On a larger scale, it’s also noteworthy that the U.S. is not the only country under attack by interference and disinformation campaigns. The reconnaissance and theft of intelligence related to electoral processes is a global issue against the majority of Western democratic operations. The growing threat that we first saw against our systems has now been replicated throughout the world in Taiwan, India, Finland, France, Israel, Germany, Ukraine and others. Globally, information and intelligence sharing on emerging threats, new technologies and fresh techniques is critical. We must look from country to country to determine adversary actions and attempt to stop them in their tracks.
So how do we do this? First, we need to ensure we aren’t focusing solely on election tampering in our defensive posture. The adversaries are taking complete advantage of social media and what the internet can provide at their fingerprints. They’re using it to foment unrest during the pandemic, the protests and the campaign cycle. Whether it be through misinformation operations, social engineering or DDoS attacks, they’re actively working to instill confusion and unsettle civil discourse. And there’s nation-states sponsoring these activities over and over again.
Second, we must recognize the three individual pillars of cyber risk in this context and how to combat them. They include disinformation campaigns, hack-and-leak criminal techniques, and targeting of infrastructure.
Traditional media, social media and other public-facing communications should aggressively root out coordinated inauthentic activity that seek to amplify political messages. Utilizing smart social media practices and taking appropriate steps to monitor and stop disinformation campaigns remains a core component of keeping democracy safe.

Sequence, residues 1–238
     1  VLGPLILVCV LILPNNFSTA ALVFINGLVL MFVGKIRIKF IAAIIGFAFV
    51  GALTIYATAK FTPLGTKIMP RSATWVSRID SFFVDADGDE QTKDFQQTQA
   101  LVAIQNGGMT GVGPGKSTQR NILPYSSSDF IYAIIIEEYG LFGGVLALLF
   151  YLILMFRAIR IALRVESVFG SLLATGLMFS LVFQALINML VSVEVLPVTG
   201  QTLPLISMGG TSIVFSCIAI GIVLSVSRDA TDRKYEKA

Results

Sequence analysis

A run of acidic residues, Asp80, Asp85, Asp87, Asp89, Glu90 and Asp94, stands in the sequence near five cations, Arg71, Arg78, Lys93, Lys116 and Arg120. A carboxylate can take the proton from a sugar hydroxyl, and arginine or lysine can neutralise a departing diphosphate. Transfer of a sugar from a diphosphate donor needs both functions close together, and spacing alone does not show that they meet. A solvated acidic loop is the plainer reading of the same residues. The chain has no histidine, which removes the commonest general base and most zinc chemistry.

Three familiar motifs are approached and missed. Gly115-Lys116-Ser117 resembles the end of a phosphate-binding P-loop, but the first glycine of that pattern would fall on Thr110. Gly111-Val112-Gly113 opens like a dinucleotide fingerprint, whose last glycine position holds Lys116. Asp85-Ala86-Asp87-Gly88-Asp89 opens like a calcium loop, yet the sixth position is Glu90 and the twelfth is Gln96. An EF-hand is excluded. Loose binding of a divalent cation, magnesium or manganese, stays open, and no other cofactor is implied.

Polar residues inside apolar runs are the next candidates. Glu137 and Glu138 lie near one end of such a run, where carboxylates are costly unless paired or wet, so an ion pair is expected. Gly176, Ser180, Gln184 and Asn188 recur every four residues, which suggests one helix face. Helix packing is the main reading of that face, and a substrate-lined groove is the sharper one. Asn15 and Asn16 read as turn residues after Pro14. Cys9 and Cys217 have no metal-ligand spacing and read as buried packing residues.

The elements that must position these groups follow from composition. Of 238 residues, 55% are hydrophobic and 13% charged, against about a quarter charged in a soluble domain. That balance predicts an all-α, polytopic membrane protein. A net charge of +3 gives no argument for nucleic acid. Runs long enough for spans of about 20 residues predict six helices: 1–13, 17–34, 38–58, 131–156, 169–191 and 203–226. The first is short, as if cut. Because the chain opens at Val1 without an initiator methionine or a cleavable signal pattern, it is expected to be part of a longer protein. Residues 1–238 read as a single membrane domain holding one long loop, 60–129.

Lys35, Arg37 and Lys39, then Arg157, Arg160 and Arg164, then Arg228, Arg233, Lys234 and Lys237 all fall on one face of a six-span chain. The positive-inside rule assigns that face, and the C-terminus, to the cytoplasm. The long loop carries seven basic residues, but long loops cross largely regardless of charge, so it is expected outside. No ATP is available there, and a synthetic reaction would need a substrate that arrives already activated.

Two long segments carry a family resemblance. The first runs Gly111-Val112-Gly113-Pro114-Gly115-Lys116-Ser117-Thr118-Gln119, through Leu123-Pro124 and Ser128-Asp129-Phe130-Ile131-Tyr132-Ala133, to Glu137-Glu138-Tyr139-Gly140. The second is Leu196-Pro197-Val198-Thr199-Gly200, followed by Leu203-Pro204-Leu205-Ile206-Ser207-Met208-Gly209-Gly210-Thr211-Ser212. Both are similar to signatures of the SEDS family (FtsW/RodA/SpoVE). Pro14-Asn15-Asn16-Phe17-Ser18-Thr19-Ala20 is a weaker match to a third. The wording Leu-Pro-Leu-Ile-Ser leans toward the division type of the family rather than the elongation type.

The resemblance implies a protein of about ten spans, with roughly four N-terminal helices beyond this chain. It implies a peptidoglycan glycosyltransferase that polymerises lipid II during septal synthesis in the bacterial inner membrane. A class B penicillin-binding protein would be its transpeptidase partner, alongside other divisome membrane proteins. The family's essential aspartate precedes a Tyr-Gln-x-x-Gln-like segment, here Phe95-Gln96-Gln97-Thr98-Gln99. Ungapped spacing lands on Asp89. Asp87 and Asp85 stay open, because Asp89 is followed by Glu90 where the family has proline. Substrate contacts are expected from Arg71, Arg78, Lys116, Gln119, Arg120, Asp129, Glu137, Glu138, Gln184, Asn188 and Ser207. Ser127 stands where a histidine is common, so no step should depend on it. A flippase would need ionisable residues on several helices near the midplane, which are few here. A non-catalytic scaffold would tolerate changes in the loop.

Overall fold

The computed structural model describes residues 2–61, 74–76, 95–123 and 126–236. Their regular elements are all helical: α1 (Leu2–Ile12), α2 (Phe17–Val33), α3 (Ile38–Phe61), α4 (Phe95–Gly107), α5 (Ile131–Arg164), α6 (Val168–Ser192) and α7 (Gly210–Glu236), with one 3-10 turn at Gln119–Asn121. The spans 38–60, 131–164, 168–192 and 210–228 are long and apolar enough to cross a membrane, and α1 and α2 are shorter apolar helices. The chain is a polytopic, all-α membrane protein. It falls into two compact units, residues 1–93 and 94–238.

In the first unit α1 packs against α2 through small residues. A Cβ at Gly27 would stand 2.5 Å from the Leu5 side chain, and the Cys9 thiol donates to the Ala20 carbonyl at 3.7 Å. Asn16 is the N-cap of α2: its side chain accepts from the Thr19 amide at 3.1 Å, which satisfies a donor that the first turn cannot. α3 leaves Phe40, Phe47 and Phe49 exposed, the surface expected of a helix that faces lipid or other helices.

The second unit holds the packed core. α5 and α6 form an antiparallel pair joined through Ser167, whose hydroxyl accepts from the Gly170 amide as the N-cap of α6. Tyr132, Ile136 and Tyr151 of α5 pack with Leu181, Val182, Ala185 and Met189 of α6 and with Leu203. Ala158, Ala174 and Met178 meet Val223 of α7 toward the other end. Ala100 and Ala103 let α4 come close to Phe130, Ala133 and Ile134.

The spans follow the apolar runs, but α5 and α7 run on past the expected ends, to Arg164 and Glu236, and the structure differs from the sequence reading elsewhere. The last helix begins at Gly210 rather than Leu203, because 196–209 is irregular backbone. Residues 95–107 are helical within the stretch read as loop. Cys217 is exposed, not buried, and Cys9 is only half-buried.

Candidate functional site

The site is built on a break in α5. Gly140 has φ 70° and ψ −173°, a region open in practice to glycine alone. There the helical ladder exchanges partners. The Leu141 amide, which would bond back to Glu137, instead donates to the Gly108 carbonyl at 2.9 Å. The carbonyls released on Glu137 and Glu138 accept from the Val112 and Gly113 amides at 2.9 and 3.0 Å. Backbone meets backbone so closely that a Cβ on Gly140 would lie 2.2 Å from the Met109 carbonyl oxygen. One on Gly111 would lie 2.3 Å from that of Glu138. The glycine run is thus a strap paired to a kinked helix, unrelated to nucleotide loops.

Many times, adversaries may first attempt to breach the organization’s IT networks in an effort to move laterally into more sensitive elections-specific infrastructure, gaining access to potentially damaging information if leaked. Speed of detection is key in thwarting this threat. CrowdStrike recommends the implementation of the ‘1-10-60 Rule’ — detect adversary activity within one minute, investigate it within 10 minutes, and isolate the threat or eject the adversary within 60 minutes.
Given the complex and distributed nature of western elections processes, campaign entities must utilize a risk-informed approach to defense. This means safeguarding the infrastructure that administers elections. Recognizing that inherent disparities in cybersecurity resources and experience across jurisdictions creates vulnerabilities, it’s essential to have sound infrastructure. The technical system is the primary means to detect an adversary and expel them from the network before a successful attack. Campaigns and public sector election entities should also be incredibly vigilant and consider leveraging cloud-based security solutions and managed services that proactively prevent, rapidly detect and remediate intrusions.
We know through CrowdStrike intelligence reporting that various state and federal agencies, educational institutions, and critical infrastructure sectors are actively being targeted by Russia-based adversaries, not unlike those that disrupted the 2016 election cycle. Through spear phishing, intrusion and password-spraying attacks, they’re gaining access to systems vital to our daily lives.
On top of this, the FBI is warning of malign foreign influence, defined as “operations by foreign powers to influence US policy, distort political sentiment and public discourse, or undermine confidence in democratic processes and values to achieve strategic geopolitical objectives.” This includes cyberattacks on election infrastructure and systems, campaigns, political parties, and acting public officials; subversive influence campaigns to either assist or harm a particular candidate or party; and overt disinformation operations and efforts to manipulate public opinion, sow discord and disrupt government processes and policies.
I often use the age-old government mantra “one team, one fight.” It’s never been more prevalent than now in this time of global cyber warfare. We have to unite against the adversary, protect our infrastructure, and be cognizant of who is reporting what we believe online. We cannot let our 2020 election cycle be the next cybercrime statistic and strip us of a fair and uncompromised voting experience that will determine the next four years of our history. Every second counts in defending our democracy.
Shawn Henry is chief security officer of CrowdStrike and president of Services